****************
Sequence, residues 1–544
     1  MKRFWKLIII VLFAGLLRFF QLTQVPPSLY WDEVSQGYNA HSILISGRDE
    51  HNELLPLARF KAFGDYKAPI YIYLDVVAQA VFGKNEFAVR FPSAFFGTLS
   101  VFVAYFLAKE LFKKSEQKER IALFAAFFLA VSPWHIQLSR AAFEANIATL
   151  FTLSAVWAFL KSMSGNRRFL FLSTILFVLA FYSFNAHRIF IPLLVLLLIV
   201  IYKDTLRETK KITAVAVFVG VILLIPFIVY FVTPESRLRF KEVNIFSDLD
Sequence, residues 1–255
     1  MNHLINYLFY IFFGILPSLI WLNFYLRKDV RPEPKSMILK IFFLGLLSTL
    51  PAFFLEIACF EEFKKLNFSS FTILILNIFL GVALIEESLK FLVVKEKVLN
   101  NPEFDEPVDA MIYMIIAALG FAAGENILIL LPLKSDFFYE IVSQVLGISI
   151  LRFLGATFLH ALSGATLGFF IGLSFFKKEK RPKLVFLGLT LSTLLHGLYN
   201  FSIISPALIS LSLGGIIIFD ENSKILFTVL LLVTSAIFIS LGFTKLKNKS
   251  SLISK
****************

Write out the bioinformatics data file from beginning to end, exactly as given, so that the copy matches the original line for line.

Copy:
Sequence, residues 1–544
     1  MKRFWKLIII VLFAGLLRFF QLTQVPPSLY WDEVSQGYNA HSILISGRDE
    51  HNELLPLARF KAFGDYKAPI YIYLDVVAQA VFGKNEFAVR FPSAFFGTLS
   101  VFVAYFLAKE LFKKSEQKER IALFAAFFLA VSPWHIQLSR AAFEANIATL
   151  FTLSAVWAFL KSMSGNRRFL FLSTILFVLA FYSFNAHRIF IPLLVLLLIV
   201  IYKDTLRETK KITAVAVFVG VILLIPFIVY FVTPESRLRF KEVNIFSDLD
Sequence, residues 1–255
     1  MNHLINYLFY IFFGILPSLI WLNFYLRKDV RPEPKSMILK IFFLGLLSTL
    51  PAFFLEIACF EEFKKLNFSS FTILILNIFL GVALIEESLK FLVVKEKVLN
   101  NPEFDEPVDA MIYMIIAALG FAAGENILIL LPLKSDFFYE IVSQVLGISI
   151  LRFLGATFLH ALSGATLGFF IGLSFFKKEK RPKLVFLGLT LSTLLHGLYN
   201  FSIISPALIS LSLGGIIIFD ENSKILFTVL LLVTSAIFIS LGFTKLKNKS
   251  SLISK